Is the future of musical gigs or a technological novelty?
That is the question posed as I pushed aside any cynicism, and boarded the train from Fratton to Pudding Mill Lane on the DLR, London to check out the brand-new ABBA Voyage tour. Lockdown had given us many virtual gigs, and like a lot of the population I paid out to watch shows like James Corden in One Man, Two Governors, and James Bay perform to an empty audience at Shakespeare’s Globe. It was enjoyable to watch but felt empty, and soulless. What was missing was that visceral excitement of actually being present with the rest of the audience. So, I was aware of the irony in travelling in person to a live gig to watch virtual avators – or as they have been affectionately been called – “abbatars” of legends Agnetha, Bjorn, Benny and Anni-Frid.
The purpose-built arena sets the Swedish tone, more Ikea wooden slatted design then cold concrete; sustainability is catered for in mini chilly bottles with free refill water stations (something surely that should be offered at every gig) and merchandise has a glorious nod to the kitsh seventies of a band that have never forgotten their fanbase or their origins.
Inside it feels like we have boarded a spaceship, not a concert hall; super trooper lights project from the roof, which must have been a conscious addition and there is a genuine thrill of expectation in the audience. Seating is spacious, as is standing room or you can hire a dancing booth but with capacity of only 3,000 it feels more intimate than say the O2.
It is simply like nothing you have ever seen before.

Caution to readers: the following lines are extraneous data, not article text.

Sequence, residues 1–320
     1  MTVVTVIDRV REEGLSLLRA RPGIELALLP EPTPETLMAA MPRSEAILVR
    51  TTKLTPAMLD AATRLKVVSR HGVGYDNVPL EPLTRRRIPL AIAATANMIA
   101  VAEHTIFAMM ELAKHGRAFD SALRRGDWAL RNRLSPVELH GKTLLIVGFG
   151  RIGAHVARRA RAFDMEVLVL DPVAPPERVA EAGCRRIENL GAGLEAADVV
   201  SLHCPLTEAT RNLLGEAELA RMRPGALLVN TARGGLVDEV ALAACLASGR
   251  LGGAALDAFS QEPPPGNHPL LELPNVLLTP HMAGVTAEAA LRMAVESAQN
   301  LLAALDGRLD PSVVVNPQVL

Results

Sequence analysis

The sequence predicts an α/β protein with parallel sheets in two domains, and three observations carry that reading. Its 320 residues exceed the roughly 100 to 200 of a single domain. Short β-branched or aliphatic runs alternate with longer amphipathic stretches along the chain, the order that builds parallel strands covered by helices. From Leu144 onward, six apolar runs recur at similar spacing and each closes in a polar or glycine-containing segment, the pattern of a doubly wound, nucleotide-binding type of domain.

Disappointingly the set opens with the more obscure tracks of ‘The Visitors’ and ‘Hole in Your Soul’ – it would have benefitted for one of their more well-known classics, but a minor quibble aside once ‘SOS’ kicks in the show really gets into gear. And what a journey! The magic is in the creation of the stage, made up of a ten-piece live band on a moving rostrum, with a raised platform where the avators appear. It really is an assault on all the senses, fusing a 360 screen with immersive lights, animation, and closeups of the band that look so real. Every hair, wrinkle and sequin are expertly captured from the Industrial Light and Magic company that brought you Star Wars.
Like most gigs these days where you switch between watching the big screen and the actual band, you quickly forget that ABBA are not in the building. While their appearance shows they haven’t aged since their heyday, the costumes and design are very much up to date, creating a surreal hybrid energy to the performances. But the real takeaway for me was the incredible acoustics, their music has never sounded so good, with a setlist that is a treasure trove of riches with songs that are not so much classics as the fabric of modern music.
Highlights included ‘Lay All Your Love on Me’ the disco friendly anthem complete with lasers and ABBA suits that pulsed to the beat, ‘Waterloo’ with the original 1974 Eurovision footage, and new heartfelt tracks ‘I Still Have Faith in You’ and ‘Don’t Shut Me Down’. They have fun too when the live band bound onto centre stage with a rocky “Does Your Mother Know’ during a ‘costume change’ like what would occur at a real gig. By the time ‘Dancing Queen’ plays out for the finale, bringing the crowd onto on their feet, you know that the band have delivered something ground-breaking, emotional, and utterly original.
ABBA Voyage has reset the bar high. Just pack your flares, grab a ticket and enjoy the ride.
Photo: Johan Persson